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Thoughts Online Magazine
Collected Articles on Culture & Politics
Scott Ott Nails It, As Usual 
1st-Jun-2008 09:48 am
OK, Obama has resigned from Trinity Church. Not, given what we've been seeing, before time.

Scott Ott has posted the correct response:

Dear Sen. Obama,

Now that you are back on the market, so to speak, having abandoned your church home of two decades to allow your friends to "worship in peace", I'd like to invite you to consider my church. Let me tell you a little bit about it.

Senator, in my church we love and worship Jesus. We believe the Bible is the word of God. Our preachers faithfully proclaim the gospel of salvation by grace alone, through faith alone in Jesus Christ alone. Our people live out their faith in a variety of ways, from feeding the poor, to providing medical care in rural Africa and elsewhere, to taking the good news of Jesus to Tanzania, France, England and several dozen other places around the world.

Sen. Obama, if you love Jesus, and enjoy the fellowship of others who share your faith in Christ, then you and Michelle and the girls might feel at home here.

Read the rest. Consider inviting someone else to your church.
1st-Jun-2008 08:21 pm (UTC)
He'll probably end up going to a Unitarian church. Left-wing elitists fit right in at those places.
2nd-Jun-2008 05:05 am (UTC)
No mention on the webpage of which creed or denomination that Ott belongs to (I'll take a wild stab and assume some sort of Protestant Trinitarianism); who's then to know if it would even hypothetically compatible with the religiosity of the Obama family?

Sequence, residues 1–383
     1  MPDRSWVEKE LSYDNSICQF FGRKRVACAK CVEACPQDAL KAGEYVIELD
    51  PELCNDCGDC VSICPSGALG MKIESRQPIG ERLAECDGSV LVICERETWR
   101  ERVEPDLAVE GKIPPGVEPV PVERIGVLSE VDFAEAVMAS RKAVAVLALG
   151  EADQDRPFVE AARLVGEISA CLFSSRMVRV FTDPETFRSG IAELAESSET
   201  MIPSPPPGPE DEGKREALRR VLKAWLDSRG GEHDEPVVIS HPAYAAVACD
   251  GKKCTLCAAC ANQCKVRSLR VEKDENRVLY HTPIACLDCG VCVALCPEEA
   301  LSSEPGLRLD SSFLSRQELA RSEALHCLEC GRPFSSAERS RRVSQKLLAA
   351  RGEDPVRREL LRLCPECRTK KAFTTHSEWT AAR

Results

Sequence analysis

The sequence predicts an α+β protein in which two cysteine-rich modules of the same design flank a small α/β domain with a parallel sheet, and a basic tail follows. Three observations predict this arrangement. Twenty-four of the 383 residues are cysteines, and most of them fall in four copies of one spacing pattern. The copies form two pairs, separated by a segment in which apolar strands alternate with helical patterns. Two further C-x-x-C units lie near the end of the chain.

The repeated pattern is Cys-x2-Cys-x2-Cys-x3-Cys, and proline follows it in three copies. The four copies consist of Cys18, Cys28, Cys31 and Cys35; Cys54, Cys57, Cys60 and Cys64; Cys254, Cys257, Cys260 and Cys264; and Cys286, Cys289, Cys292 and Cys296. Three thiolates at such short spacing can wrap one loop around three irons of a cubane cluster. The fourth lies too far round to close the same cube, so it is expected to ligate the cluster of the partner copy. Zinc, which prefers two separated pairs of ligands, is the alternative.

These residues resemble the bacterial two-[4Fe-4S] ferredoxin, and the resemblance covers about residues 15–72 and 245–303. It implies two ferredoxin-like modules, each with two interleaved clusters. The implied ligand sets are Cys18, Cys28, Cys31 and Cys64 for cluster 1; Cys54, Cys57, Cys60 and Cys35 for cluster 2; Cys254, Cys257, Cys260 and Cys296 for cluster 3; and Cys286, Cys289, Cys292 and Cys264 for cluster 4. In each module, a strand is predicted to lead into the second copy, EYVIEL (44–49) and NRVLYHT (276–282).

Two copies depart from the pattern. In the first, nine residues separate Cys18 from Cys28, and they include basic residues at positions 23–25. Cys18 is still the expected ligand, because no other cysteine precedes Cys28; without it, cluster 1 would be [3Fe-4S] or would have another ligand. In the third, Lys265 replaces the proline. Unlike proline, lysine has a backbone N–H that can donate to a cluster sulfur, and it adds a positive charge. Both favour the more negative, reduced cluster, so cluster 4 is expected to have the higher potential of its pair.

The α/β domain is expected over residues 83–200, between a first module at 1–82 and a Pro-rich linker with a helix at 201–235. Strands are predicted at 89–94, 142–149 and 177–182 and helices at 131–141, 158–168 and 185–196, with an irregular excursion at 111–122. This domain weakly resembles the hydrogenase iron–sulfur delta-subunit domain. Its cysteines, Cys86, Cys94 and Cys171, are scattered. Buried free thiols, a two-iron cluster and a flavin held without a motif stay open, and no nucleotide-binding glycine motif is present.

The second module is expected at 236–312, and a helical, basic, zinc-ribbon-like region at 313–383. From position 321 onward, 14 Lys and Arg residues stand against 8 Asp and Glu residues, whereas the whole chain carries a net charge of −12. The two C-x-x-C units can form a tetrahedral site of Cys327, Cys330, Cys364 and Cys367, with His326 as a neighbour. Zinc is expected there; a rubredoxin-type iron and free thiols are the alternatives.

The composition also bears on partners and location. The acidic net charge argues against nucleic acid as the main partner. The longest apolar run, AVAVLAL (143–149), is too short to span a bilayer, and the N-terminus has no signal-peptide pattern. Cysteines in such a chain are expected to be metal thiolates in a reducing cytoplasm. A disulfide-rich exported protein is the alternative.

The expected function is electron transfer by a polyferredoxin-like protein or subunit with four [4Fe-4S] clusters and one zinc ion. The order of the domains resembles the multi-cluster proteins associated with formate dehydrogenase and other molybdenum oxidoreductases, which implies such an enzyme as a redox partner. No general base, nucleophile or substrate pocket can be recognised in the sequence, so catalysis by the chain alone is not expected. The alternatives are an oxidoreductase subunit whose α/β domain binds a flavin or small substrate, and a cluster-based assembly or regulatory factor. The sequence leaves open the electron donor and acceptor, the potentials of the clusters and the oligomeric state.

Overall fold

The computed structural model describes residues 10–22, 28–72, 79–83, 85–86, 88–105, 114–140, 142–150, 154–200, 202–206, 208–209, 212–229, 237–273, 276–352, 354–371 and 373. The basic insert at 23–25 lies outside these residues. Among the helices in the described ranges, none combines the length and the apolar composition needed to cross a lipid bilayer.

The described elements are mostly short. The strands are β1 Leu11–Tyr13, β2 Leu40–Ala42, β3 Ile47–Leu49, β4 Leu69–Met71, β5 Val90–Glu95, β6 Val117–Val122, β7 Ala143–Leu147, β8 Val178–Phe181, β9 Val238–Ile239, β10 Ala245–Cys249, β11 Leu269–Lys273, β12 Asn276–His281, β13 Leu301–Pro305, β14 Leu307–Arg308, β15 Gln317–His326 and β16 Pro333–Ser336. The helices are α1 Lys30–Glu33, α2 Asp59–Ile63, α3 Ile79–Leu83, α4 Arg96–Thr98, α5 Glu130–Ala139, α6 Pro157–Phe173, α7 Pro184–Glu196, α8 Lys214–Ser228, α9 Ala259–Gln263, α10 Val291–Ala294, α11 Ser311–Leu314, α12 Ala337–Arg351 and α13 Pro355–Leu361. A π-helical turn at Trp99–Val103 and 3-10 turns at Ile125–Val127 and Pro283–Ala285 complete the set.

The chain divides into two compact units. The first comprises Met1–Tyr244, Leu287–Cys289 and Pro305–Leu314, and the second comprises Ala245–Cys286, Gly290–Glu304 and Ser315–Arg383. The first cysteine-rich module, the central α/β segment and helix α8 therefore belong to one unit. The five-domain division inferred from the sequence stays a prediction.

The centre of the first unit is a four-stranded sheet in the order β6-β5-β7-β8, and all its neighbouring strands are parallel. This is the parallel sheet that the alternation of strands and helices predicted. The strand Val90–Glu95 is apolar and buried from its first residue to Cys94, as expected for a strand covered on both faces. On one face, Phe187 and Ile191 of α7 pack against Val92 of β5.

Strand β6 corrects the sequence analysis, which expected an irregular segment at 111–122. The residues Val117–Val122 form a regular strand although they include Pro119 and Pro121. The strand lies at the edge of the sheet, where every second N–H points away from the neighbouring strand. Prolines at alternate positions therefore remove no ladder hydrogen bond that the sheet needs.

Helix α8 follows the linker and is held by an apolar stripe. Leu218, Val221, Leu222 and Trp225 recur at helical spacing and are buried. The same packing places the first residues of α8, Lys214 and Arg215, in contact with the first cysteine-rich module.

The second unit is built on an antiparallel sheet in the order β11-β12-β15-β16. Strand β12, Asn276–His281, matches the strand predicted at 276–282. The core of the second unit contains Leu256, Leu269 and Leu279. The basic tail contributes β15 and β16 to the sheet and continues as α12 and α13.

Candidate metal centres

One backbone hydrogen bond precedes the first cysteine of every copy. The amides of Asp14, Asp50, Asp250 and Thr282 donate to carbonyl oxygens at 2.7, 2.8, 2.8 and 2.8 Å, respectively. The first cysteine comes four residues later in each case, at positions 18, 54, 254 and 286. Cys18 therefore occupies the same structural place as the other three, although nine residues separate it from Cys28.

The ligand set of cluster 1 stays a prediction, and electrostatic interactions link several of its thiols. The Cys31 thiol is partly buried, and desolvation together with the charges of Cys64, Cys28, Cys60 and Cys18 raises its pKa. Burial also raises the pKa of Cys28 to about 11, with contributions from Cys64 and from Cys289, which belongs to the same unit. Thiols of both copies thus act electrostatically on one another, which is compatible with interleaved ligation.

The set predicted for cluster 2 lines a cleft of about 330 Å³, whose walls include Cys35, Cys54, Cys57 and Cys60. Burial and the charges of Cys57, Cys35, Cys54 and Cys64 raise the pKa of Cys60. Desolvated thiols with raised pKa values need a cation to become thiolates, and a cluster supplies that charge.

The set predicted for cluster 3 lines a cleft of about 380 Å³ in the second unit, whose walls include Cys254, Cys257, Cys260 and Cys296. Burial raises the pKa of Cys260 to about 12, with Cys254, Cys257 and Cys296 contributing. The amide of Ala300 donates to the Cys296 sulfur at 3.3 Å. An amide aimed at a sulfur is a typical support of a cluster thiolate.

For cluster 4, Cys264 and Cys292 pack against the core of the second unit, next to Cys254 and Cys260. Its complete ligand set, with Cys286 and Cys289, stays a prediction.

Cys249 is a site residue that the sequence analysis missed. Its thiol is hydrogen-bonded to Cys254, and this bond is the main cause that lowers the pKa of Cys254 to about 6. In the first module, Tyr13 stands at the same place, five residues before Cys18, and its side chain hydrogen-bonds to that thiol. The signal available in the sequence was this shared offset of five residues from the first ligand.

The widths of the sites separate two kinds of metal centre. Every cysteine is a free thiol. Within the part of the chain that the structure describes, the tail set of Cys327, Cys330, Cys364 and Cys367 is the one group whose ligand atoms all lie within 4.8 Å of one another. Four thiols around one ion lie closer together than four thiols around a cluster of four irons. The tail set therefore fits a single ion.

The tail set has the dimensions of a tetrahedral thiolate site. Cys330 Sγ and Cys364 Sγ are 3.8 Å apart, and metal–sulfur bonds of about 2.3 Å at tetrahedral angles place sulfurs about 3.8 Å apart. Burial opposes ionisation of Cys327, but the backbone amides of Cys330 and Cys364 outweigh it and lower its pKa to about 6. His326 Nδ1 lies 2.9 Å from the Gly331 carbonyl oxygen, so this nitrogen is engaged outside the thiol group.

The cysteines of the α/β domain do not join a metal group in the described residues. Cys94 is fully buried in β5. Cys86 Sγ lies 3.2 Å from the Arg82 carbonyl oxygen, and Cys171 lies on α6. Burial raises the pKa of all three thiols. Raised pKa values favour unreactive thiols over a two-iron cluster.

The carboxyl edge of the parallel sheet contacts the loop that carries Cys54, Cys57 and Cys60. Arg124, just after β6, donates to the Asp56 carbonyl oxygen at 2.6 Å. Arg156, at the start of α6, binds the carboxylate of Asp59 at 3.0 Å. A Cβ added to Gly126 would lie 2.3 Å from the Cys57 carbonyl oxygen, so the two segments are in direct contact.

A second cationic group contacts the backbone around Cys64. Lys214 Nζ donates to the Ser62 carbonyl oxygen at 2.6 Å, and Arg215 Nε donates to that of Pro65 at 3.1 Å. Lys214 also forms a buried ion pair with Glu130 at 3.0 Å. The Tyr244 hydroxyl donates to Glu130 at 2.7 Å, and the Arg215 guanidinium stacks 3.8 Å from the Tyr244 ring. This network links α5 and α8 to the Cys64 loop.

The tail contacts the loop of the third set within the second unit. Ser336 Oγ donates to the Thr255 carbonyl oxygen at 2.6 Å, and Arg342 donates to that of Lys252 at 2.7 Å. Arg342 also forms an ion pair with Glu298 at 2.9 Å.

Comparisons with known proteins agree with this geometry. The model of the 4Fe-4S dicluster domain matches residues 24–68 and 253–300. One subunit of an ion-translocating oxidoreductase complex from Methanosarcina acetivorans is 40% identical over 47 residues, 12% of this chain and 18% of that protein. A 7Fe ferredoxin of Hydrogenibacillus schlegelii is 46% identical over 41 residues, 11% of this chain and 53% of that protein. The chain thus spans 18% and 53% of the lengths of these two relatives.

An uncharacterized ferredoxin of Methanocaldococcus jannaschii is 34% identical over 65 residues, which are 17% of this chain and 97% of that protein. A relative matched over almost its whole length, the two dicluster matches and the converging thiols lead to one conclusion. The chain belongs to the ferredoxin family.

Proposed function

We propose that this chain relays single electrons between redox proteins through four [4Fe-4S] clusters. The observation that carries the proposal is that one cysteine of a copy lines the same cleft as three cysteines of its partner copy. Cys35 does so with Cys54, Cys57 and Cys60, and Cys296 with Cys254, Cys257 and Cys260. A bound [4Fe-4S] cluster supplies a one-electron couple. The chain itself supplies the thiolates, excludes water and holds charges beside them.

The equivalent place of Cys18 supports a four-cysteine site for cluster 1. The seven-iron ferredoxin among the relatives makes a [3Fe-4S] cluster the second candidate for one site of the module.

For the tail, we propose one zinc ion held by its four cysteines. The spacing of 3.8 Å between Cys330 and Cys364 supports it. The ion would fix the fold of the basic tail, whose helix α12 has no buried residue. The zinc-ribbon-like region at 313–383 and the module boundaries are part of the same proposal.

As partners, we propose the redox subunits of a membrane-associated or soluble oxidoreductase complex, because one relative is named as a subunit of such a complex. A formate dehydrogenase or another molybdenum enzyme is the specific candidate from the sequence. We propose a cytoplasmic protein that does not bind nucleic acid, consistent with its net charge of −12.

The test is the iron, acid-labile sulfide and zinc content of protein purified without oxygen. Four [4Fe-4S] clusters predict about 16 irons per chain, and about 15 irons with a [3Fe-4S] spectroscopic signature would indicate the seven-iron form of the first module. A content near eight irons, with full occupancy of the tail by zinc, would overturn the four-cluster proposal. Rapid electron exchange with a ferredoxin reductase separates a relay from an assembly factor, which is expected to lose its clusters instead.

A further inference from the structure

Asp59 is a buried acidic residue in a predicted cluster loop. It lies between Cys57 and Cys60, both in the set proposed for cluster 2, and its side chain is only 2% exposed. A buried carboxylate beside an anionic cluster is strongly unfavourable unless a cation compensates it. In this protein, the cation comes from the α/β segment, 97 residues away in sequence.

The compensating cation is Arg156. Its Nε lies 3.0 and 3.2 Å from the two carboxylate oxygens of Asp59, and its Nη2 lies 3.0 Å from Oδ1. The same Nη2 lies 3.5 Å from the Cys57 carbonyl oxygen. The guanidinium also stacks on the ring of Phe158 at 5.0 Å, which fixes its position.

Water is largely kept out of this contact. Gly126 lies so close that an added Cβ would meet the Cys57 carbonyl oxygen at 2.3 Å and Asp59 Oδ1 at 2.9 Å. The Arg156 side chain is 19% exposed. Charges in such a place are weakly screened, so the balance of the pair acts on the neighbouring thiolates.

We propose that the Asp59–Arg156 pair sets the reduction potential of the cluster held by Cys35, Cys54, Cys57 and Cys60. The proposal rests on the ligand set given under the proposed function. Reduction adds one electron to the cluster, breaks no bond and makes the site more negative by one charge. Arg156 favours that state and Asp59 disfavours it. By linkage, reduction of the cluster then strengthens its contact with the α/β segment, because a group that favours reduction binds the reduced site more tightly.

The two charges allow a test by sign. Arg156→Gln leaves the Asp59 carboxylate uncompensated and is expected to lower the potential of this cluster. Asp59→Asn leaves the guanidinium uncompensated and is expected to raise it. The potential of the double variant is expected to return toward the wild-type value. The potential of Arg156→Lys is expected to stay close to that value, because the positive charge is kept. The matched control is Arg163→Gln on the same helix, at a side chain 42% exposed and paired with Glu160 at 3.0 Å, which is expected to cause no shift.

3rd-Jun-2008 07:30 pm (UTC) - Hypothetical compatibility
Here's an interview of him from 2004: I can't say that the picture it gives is coherent, so your proposal that he should find a "compatible" religion may be harder than you think.
4th-Jun-2008 04:46 am (UTC) - Re: Hypothetical compatibility
My reading, judging by the interview, would suggest that Sen. Obama himself leans towards a Unitarian Christology, and that his attachment to the Trinity Church came about mostly as a result of the happenstance of his living in working in the community.

I found another part more interesting:

The more specific and detailed you are on issues as personal and fundamental as your faith, the more potentially dangerous it is.

Hearing his tacit definition of faith as something that can be "specific and detailed", started me towards wondering how common it is now to treat faith as a synonym for creed, and thereby suppose it to be an expression of dogma or doctrine. I myself am in the habit of thinking of faith as faith, something that wholly precedes, and is ontologically separate from dogma. In fact, I would tend to think of dogma as being only the means by which the experience of faith is grappled with and expressed.
10th-Jun-2008 05:37 pm (UTC) - Re: Hypothetical compatibility
The faith and my faith are easily confused, and the fusion is older than you imply: after all, Henry VIII was "defender of the faith" as the author of a pamphlet against the Lutheran position on the sacraments, not in recognition of his trust in God.

With regard to Obama's fear to be specific and detailed, I suspect it was the quite specific fear of disagreeing with someone whom he wanted the votes of, rather than a position on religious matters. After all, he joined the largest and most influential church in the assembly district he wanted to be elected from, partly in reaction to the criticisms of him from his prior unsuccessful campaign for the office. His training is as a politician in Chicago, and that has certain consequences, among which, in his case, was joining a church in which his family was not welcome.

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